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Wanna be a millionaire? You probably already are

By Dian Vujovich

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When CBS’s reality show, The Briefcase, premiered in May, I couldn’t believe what a big deal was being made about the possibility of being awarded such a small amount of money.

In that TV show, families in “financial need”, as the producers describe the program, had to decide what to do with a briefcase with $101,000 in it: keep it or share it. From where I sit, that amount of money was both puny and pretty much exploited people on the program with respect to their knowledge and value of money.

Now, I’m not going to turn my nose up at the idea of getting 100 G’s. Plopping it into well-managed retirement account and allowed to grow for decades could make a fine difference in one’s life. But that six-figure windfall isn’t really all that much money in today’s real world especially when it’s to go to a family that’s in financial need.

It’s probably not enough to buy a house for a family… maybe a trailer. And even if it were, where’s the money going to come from to cover the annual expenses home ownership demands and that don’t go away like insurance, taxes, maintenance and repairs.

Sure it’s enough to buy a new car or SUV, take a family vacation and still have money left over. But, that dollar amount comes up short in many regards.

If you’re going to give away money to a family in need, make it something that will in fact make a difference. I’m thinking $1 million dollars is a good place to start.
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I like the idea of people becoming surprise millionaires. Most, however, don’t realize that they probably will have earned more than that during their working years. Do the math: A family with a modest income averaging $40,000 a year for 30 years would have earned 1.2 million dollars, on paper, over three decades.

So why not follow the give-away clue of the TV show, The Millionaire? It went on the air 60 years, in 1955, and got viewers all dreaming about becoming millionaires. Having a million dollar check being handed to you back then, when that amount of money was truly huge, would have dramatically helped a family in need….and pretty much everybody else, too.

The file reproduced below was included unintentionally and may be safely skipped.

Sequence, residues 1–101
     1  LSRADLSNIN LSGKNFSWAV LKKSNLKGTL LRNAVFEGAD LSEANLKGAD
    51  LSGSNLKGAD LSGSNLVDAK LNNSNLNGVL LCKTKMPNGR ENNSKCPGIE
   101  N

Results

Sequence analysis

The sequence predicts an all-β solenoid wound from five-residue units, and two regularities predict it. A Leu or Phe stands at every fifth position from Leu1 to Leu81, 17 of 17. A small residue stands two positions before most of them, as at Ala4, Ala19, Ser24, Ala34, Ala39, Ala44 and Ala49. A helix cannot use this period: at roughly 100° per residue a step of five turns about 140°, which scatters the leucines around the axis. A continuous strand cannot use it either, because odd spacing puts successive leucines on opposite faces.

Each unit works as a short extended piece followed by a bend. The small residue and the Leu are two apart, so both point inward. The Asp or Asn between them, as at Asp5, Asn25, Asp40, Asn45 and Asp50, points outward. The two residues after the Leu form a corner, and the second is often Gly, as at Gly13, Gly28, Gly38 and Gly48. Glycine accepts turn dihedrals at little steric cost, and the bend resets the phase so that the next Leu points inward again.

Today, a million bucks turns out to be a good start for what’s needed to get by during retirement.

Using the same example from above but changing the circumstances, if you estimate that you’re going to spend $40,000 a year to cover all of your expenses in retirement, and expect to live 30 years in retirement, you’ll need $1.2 million to make that happen.

Make that happen and you’ll be a part of America’s millionaire club. A group that’s not as special—or limited—as you may think.

A recent CNBC story by Robert Frank addressed how various sources show different answers when counting the number of millionaires there are in the U.S.: Capgemini says that are 4.3 million millionaires in America; Boston Consulting puts the number at 6.9 million; and Credit Suisse calculates it at 14.2 million.

Then again, so what if the figures aren’t all in synch. The only millionaires that really count are the ones in your family.


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